Help with a ampage problem

Discussion in 'Ampage Area' started by Wjensen, Jun 4, 2019.

  1. Wjensen

    Wjensen Electromatic

    52
    May 25, 2019
    Raleigh, NC
    I have a Fender Mustang I (v2.0) 20 watt amp that I bought for practice last August. The thing has worked perfectly on the channels I use, which tend to be clean channels with a touch of reverb. Suddenly it is making noise (I call it white noise) when I turn it on.

    In tracking down the problem, I put my hand across the strings and presto, no more noise. Remove my hand and the noise returns. I touch the metal part of the guitar cable (Live Wire) and presto, the noise goes away. I remove my hand and the noise returns. Thinking it might be the Gretsch 5420 feeding back, I switch it out for my Epiphone Les Paul that I used before I got the Gretsch. Same problems and solutions.

    Hmmm!

    I think it is my amp. As amps go, it was relatively inexpensive. Is it worth having a shop look at it or should I consider it a loss and go get something else. My instructor uses a mini Marshall that sounds very nice. No reverb, but this is a practice amp. Acoustic also makes a practice amp, but I am not familiar with how it sounds.

    Thoughts please,

    Wade
     
    MKunie likes this.
  2. markeebee

    markeebee Country Gent

    Have you tried a different cable?
     
    PlasticOcean and wildeman like this.
  3. wildeman

    wildeman Gretschified

    May 10, 2015
    norcal
  4. thunder58

    thunder58 I Bleed Orange

    Age:
    60
    Dec 23, 2010
    tappan ny
    Where are you using this amp ? Home ? another location ? Has anyone installed new lights in the area or change light bulbs from incandescent to a florescent ? ( sounds silly ) I was an electrician years ago . Poor ground at the recepticle maybe also ...... just throwing it out there
     
  5. Scooter127

    Scooter127 Gretschie

    354
    Feb 25, 2019
    USA
    Sounds like a grounding problem to me, although grounding problems usually cause the typical 60hz hum. The same hum you often hear when walking past transformers.

    IF it's a grounding problem it could be the amp, and it could also very well be the electrical circuit you plug into. Try plugging the power cord into an outlet in another room, or one you know not to be on the same circuit.

    Outlet testers are cheap (under $10) and I consider mine essential for working on anything in my house involving circuits. Not only will they tell you if the circuit is wired properly, but they also confirm that I flipped the right breaker to turn the circuit off.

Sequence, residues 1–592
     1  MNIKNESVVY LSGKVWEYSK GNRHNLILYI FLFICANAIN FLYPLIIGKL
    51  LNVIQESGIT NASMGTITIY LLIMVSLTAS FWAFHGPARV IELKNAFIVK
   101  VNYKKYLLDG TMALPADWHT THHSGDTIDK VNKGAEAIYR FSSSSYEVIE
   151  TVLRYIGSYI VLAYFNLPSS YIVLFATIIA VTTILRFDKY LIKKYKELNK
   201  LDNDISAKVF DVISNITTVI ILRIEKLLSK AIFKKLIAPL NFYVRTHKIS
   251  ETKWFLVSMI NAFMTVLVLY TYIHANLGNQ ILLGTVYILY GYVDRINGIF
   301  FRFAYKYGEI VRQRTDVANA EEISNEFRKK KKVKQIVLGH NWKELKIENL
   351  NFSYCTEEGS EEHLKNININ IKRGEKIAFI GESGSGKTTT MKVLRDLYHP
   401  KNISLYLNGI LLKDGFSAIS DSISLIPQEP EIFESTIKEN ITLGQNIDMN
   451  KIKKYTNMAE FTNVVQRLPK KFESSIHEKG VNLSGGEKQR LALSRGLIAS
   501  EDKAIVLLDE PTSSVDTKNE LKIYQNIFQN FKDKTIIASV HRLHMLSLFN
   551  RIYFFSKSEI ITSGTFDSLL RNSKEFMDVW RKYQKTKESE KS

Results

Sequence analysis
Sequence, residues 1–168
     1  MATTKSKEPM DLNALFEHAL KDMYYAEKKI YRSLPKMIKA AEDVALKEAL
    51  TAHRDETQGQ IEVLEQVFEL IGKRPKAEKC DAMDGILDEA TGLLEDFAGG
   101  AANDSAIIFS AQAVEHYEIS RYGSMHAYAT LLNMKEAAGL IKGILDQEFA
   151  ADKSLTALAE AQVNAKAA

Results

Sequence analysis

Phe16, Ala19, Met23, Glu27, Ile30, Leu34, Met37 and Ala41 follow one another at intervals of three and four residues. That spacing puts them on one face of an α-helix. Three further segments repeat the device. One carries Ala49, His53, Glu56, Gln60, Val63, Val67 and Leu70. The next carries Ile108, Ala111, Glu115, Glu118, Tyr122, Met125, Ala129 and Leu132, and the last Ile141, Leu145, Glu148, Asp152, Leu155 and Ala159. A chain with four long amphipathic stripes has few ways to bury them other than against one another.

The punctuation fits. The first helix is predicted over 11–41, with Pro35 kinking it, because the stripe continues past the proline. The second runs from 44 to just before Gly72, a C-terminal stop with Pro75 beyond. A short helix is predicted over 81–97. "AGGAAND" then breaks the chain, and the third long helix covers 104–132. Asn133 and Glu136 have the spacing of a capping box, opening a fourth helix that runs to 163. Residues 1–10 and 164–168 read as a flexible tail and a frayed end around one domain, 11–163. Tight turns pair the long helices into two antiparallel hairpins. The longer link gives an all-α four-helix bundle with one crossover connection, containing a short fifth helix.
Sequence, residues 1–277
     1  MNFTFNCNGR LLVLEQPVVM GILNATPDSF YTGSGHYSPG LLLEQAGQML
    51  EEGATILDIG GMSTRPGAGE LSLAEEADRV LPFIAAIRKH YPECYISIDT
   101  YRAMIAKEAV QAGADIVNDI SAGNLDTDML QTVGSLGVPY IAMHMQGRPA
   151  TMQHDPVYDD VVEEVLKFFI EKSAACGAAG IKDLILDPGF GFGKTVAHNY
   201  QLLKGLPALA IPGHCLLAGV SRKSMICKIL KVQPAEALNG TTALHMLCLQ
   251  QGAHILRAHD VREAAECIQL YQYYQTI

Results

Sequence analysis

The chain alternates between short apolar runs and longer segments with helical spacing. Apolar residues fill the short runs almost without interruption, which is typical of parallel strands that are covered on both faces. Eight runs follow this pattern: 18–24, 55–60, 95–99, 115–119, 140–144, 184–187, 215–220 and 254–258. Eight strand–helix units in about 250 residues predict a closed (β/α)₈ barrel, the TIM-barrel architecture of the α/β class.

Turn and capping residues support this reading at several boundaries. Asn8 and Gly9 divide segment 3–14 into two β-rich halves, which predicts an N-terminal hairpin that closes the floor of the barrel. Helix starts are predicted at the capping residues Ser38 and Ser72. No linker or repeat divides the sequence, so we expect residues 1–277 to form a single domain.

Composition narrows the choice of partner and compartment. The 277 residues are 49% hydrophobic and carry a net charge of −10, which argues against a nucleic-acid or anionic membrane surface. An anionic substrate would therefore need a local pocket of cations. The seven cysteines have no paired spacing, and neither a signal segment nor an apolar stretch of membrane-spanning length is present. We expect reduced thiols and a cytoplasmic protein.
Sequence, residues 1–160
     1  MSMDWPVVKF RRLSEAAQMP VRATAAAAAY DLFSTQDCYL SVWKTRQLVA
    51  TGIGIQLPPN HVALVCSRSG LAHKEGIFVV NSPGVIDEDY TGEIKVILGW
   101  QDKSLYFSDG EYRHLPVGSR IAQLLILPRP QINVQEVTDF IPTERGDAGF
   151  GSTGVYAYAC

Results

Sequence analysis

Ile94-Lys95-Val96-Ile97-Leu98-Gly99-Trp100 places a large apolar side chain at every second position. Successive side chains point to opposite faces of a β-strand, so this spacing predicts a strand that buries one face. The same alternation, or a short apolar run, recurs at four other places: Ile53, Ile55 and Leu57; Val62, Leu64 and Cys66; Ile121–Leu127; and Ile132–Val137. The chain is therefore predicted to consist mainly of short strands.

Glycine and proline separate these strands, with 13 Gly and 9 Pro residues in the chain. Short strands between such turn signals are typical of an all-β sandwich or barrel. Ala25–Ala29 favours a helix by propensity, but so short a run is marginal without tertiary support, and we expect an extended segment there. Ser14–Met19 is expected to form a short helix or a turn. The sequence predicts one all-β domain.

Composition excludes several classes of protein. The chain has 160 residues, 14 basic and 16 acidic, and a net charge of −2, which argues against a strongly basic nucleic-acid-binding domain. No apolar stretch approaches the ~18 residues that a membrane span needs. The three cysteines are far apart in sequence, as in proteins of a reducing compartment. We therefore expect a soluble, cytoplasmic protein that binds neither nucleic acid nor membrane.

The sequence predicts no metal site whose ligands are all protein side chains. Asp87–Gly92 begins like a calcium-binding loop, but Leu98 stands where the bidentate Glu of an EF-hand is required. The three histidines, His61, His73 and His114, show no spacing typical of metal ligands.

This isn't the same one I have but it's pretty much the same thing:
    https://www.homedepot.com/p/Commercial-Electric-Outlet-Tester-OT-112R/206029154

    Plug it in and if you get two yellow lights in the right spot, you know the circuit is good. The previous owner of my house lefty behind some seriously sketchy work and I've corrected two circuits using this little gadget.

    upload_2019-6-4_12-25-24.png
     
    benjwri, Ricochet and wabash slim like this.
  6. hcsterg

    hcsterg Country Gent

    Feb 13, 2012
    France
    Hi Wjensen,

    I used a Mustang III combo (100W 1x12") from the music school and he had some issues :

    1 - bugs like complete stop while playing, problems of sudden settings changes...

    This was due to heavy duty transportations problems : this amp is not designed to endure severe conditions. PCB moves and disconnects, so I had to foam them to block them in place several times. A lightweight, but nonetheless fragile item... Way much more fragile than a good old Fender tube amp !

    2 - adverses noises, lost of presets.

    I reloaded the software of the amp, and this adressed the problem. Fortunately, thanks to Fender Fuse, I saved my presets beforehand.

    This made me think that you may be able to correct your hiss issue by doing what I did on point 2 -

    A+!
     
  7. wabash slim

    wabash slim Friend of Fred

    Age:
    69
    Feb 10, 2010
    lafayette in
    Sounds like a grounding issue to me as well. It could also be in your guitar, too. Light dimmers, neon and fluorescent lamps, motors, and transformers are all possible noise sources. A wonky pedal or cable could also be the issue. Go to a simple cable between your guitar and amp. Try a different cable. Move around the room, turn 90 degrees, away from the amp, see if the issue gets better or worse. Add pedals one at a time. Good luck finding the culprit.
     
  8. Wjensen

    Wjensen Electromatic

    52
    May 25, 2019
    Raleigh, NC
    Let's see, I did try another cable. Happened to have a spare (because 2 is one, one is none, right?). Same problem. I also plugged in my Epiphone Les Paul, which doesn't have any problems itself. Same problem. The amp is my practice amp, so stays in the same position since I got it. It doesn't move and there have been no changes to the lighting or the electrical system. It has been plugged in to the same circuit the entire time. I have pretty much isolated the problem to the amp itself.